EMC Lays Groundwork for ILM

InfoScape crawls file systems and automatically tag files with basic metadata and clues to business value, sensitivity and content.

Penny Crosman, Contributor

September 18, 2006

3 Min Read

Information lifecycle management has long been an impossible dream--elusive because there's no one application that can manage all of a company's information throughout its lifetime, interacting with storage software along the way to make sure everything is where it should be at all times. But today EMC announced a piece of the puzzle that could start to make ILM a reality, especially for EMC storage customers.

The new software, called InfoScape, uses classification technology repurposed from EMC Documentum software to crawl file systems and automatically tag files with basic metadata (such as date created, author, headline) and with certain clues to business value, sensitivity and content. For instance, InfoScape might flag files that contain the data format of a Social Security number (XXX-XX-XXXX) as well as the words "confidential” or "contract" in the subject line. InfoScape also ships with 25 industry taxonomies (hierarchies of categories under which files can be grouped). Then it's up to customers to create policies and rules for what should be done with each file and take action--for instance, encrypt the file containing personally identifiable data, restrict access to the confidential document, or archive the contract in a secure, top-tier storage array. Alongside InfoScape, EMC has also introduced Information Management Strategy Service for those who want consultants to help them set and enact these policies.

This ability to automatically classify files no matter what application they were created in or where they're stored is not brand new; Kazeon, StoredIQ, Scentric, njini and Index Engines all offer some form of horizontal automated classification software or appliance. But InfoScape is the first offering from a company with the history, size and clout of EMC. The need for such technology will grow increasingly clear, says Arun Taneja of the Taneja Group, a technology consulting firm. "Enterprises will need to apply one or more information classification engines that will work with all unstructured data and give you genuine, true ILM capability."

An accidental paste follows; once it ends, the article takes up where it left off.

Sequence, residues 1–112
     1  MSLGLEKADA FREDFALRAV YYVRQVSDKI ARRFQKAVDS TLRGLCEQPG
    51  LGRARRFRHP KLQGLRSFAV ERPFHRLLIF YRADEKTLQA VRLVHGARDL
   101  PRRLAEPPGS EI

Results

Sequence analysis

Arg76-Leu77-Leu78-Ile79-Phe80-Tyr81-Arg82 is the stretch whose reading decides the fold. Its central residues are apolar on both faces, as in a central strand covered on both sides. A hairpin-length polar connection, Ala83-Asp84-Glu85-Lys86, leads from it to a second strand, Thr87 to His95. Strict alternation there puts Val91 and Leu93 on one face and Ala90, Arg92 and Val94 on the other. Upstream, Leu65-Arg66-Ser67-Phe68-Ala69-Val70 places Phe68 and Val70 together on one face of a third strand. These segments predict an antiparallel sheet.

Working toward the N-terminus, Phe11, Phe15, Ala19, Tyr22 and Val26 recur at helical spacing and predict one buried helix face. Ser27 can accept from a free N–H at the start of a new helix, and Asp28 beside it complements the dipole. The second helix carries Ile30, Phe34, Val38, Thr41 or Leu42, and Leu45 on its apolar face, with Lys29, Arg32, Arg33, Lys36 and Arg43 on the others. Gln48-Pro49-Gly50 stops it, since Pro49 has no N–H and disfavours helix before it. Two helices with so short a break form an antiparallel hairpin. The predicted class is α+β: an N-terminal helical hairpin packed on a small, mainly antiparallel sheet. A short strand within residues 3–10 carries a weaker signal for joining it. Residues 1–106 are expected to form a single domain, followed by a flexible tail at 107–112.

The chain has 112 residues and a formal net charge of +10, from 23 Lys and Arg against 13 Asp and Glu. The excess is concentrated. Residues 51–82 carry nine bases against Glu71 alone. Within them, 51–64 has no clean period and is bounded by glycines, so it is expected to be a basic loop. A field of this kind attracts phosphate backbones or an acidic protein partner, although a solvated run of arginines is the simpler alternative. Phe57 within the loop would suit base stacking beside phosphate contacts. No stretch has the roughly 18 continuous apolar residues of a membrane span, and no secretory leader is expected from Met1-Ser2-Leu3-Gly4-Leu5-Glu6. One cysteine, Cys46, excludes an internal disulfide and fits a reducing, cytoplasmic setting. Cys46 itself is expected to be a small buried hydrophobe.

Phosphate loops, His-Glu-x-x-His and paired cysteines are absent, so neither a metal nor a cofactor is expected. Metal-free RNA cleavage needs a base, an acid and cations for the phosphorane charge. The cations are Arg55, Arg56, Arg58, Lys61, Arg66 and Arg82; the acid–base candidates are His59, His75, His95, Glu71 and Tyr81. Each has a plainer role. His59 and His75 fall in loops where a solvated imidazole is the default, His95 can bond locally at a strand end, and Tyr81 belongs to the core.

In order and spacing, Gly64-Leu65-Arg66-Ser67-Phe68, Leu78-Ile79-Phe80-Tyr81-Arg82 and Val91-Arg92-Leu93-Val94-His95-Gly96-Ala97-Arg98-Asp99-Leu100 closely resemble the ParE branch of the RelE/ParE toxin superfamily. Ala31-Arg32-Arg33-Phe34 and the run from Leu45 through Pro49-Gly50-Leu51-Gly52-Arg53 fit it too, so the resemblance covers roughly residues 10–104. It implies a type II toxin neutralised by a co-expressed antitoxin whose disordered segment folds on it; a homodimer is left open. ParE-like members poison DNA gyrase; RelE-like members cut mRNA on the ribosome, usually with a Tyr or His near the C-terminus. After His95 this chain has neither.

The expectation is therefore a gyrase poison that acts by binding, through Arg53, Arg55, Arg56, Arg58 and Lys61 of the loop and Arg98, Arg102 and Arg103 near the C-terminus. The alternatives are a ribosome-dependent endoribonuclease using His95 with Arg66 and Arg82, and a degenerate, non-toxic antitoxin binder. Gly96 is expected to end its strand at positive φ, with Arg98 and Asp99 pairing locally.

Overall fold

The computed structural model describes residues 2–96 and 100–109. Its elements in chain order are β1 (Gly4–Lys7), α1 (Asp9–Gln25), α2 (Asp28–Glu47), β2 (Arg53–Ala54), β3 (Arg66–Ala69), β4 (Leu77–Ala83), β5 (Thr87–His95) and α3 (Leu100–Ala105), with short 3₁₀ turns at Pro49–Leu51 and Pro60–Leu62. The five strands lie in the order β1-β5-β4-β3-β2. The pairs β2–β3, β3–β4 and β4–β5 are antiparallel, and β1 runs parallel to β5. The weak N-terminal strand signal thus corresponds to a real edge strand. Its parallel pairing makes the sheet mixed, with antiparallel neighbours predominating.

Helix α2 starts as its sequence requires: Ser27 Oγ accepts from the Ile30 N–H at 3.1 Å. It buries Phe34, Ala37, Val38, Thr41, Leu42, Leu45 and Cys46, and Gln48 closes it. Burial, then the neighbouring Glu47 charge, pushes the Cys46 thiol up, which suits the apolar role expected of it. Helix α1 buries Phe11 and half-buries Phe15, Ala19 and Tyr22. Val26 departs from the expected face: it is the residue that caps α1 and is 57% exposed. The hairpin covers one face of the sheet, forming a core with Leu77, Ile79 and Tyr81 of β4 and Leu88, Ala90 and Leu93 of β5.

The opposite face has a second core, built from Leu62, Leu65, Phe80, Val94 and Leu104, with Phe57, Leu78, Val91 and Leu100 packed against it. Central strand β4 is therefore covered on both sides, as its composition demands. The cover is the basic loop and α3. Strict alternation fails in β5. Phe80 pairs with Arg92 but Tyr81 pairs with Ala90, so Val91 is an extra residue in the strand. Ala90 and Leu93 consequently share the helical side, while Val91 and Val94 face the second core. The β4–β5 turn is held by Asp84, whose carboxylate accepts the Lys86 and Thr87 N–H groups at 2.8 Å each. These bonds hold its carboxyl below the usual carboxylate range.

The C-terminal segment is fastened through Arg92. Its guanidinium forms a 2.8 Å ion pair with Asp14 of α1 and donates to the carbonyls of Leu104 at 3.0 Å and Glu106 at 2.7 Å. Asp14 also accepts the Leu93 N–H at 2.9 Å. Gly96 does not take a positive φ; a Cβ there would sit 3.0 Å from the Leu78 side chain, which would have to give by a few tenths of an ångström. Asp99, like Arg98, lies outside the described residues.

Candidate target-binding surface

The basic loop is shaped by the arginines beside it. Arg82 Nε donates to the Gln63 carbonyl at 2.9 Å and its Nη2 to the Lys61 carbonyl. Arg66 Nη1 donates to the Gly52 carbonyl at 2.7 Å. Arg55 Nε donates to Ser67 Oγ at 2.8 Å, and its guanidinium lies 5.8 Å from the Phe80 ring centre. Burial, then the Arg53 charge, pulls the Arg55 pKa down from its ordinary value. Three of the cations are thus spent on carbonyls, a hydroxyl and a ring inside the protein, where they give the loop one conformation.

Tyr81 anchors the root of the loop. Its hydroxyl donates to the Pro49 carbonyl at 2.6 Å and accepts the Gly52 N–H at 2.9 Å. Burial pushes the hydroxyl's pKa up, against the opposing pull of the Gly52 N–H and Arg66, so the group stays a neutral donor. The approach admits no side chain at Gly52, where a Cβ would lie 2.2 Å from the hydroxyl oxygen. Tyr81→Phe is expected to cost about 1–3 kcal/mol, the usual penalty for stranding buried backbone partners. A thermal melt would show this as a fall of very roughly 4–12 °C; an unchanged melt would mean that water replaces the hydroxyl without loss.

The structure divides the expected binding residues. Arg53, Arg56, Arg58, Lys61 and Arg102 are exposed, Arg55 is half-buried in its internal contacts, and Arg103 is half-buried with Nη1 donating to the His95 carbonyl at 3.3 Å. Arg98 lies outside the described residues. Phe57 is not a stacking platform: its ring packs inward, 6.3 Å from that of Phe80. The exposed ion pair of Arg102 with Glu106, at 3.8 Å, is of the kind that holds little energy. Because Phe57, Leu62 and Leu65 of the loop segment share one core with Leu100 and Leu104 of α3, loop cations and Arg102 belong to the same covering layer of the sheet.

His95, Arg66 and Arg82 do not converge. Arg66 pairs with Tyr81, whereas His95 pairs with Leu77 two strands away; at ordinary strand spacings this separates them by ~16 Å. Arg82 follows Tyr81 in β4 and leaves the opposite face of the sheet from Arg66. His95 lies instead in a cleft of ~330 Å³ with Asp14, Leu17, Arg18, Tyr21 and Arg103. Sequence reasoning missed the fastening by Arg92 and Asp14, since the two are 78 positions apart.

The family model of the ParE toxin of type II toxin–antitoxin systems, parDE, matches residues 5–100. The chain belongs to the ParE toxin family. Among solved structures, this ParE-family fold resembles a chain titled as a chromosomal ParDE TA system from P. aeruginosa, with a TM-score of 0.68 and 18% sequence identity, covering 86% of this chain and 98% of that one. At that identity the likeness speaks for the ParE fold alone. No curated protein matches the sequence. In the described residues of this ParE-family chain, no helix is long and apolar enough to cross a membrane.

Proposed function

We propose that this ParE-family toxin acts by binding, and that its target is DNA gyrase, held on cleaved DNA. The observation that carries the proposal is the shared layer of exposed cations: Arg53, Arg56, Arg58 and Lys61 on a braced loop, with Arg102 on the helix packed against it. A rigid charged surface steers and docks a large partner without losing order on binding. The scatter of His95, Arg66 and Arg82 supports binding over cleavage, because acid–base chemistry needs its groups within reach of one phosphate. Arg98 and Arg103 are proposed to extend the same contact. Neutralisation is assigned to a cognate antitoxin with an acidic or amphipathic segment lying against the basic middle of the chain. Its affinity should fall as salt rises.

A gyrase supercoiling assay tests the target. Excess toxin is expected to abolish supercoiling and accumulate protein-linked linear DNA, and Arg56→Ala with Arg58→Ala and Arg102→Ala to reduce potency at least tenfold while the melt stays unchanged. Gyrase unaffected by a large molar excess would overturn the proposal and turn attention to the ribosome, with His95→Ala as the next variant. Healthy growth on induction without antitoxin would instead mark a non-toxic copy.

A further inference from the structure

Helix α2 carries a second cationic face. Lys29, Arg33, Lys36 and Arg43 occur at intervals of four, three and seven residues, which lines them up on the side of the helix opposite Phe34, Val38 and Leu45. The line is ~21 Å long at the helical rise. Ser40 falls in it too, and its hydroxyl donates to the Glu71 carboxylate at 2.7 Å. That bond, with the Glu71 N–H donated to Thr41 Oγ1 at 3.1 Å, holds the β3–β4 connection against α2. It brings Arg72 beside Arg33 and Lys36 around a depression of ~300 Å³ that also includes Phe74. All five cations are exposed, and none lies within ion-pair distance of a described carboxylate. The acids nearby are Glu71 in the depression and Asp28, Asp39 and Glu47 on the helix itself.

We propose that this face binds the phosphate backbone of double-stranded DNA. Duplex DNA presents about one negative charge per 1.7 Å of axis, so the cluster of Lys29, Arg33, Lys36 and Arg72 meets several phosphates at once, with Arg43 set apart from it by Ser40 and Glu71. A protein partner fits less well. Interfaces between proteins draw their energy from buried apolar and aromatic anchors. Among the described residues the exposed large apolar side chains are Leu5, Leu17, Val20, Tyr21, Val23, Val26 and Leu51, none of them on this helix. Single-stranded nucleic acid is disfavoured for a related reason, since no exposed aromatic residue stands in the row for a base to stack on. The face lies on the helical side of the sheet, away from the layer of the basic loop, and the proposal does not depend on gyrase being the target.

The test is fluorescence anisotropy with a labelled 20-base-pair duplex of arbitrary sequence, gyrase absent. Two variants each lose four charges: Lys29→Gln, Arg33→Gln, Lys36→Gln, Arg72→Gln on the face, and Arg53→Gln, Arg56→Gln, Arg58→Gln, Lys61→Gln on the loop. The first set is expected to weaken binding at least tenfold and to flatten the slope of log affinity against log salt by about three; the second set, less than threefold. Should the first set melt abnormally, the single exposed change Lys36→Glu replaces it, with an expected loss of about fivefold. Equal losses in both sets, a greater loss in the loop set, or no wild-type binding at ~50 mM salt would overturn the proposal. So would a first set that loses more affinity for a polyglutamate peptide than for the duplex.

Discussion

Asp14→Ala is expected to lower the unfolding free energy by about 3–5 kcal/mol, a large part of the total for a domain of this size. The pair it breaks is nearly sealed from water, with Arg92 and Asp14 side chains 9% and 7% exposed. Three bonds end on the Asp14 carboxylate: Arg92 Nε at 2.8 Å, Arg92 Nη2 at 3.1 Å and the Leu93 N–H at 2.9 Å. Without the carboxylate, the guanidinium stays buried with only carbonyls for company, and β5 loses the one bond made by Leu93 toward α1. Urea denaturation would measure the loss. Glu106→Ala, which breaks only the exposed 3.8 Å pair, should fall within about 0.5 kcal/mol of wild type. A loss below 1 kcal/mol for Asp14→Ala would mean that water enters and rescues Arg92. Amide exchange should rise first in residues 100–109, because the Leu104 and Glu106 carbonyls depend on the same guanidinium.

If automated classification becomes a hot trend, there will also be an increasing need to do something with the organized files. So far, the only file migration InfoScape offers is within EMC's Celerra storage boxes, although the company plans to support more EMC storage products over the next 12 months. In fact, a cynic might look at InfoScape as a way of locking storage customers into the EMC fold. But it could help customers with three important tasks: protecting sensitive files, such as those containing personally identifiable information, company secrets or intellectual property; moving less important data to inexpensive storage; and possibly accommodating a legal discovery. (InfoScape should be able to produce all files created by a particular author within a set timeframe. However, more complicated queries would be tougher because InfoScape doesn't support universal full-text indexing.)

Over the next year, EMC will provide InfoScape with APIs to integrate with other storage software products and provide new features, such as automatic encryption of confidential files, bringing it closer to full-fledged ILM.

Pricing starts at $125,000.

Read more about:


About the Author(s)

Never Miss a Beat: Get a snapshot of the issues affecting the IT industry straight to your inbox.

You May Also Like

More Insights